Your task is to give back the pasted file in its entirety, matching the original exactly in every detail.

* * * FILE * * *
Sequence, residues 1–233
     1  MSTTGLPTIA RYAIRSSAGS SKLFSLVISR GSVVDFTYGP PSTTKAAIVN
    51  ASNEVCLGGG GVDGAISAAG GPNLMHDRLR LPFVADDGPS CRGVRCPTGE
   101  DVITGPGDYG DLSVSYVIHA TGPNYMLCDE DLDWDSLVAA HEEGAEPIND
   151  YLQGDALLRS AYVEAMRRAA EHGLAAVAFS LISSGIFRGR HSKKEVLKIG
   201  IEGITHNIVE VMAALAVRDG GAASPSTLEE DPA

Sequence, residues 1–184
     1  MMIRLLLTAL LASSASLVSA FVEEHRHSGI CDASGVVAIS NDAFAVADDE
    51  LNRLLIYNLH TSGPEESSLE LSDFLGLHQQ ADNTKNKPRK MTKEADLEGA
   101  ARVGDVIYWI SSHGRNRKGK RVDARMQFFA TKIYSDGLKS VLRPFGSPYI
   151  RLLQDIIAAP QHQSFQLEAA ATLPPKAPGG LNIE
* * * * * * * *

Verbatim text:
Sequence, residues 1–233
     1  MSTTGLPTIA RYAIRSSAGS SKLFSLVISR GSVVDFTYGP PSTTKAAIVN
    51  ASNEVCLGGG GVDGAISAAG GPNLMHDRLR LPFVADDGPS CRGVRCPTGE
   101  DVITGPGDYG DLSVSYVIHA TGPNYMLCDE DLDWDSLVAA HEEGAEPIND
   151  YLQGDALLRS AYVEAMRRAA EHGLAAVAFS LISSGIFRGR HSKKEVLKIG
   201  IEGITHNIVE VMAALAVRDG GAASPSTLEE DPA

Sequence, residues 1–184
     1  MMIRLLLTAL LASSASLVSA FVEEHRHSGI CDASGVVAIS NDAFAVADDE
    51  LNRLLIYNLH TSGPEESSLE LSDFLGLHQQ ADNTKNKPRK MTKEADLEGA
   101  ARVGDVIYWI SSHGRNRKGK RVDARMQFFA TKIYSDGLKS VLRPFGSPYI
   151  RLLQDIIAAP QHQSFQLEAA ATLPPKAPGG LNIE